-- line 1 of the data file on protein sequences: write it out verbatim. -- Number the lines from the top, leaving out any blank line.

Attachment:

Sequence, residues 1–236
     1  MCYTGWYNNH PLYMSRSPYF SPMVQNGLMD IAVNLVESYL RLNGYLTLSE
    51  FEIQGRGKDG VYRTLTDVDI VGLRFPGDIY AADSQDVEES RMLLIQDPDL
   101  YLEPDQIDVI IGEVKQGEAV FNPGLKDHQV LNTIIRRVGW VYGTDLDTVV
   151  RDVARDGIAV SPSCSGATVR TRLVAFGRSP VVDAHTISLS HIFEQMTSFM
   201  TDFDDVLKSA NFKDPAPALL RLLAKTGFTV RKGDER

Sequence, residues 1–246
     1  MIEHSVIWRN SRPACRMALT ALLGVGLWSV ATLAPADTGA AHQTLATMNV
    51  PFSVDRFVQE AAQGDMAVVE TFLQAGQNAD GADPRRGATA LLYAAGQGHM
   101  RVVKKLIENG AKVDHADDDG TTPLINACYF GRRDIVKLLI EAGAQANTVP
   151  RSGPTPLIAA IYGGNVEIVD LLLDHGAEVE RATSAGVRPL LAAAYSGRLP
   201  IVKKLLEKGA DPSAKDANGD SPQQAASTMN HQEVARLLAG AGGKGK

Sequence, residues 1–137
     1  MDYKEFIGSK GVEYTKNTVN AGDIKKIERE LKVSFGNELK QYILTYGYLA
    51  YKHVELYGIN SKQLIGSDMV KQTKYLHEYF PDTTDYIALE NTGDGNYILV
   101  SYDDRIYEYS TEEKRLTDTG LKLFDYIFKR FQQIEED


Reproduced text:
Sequence, residues 1–236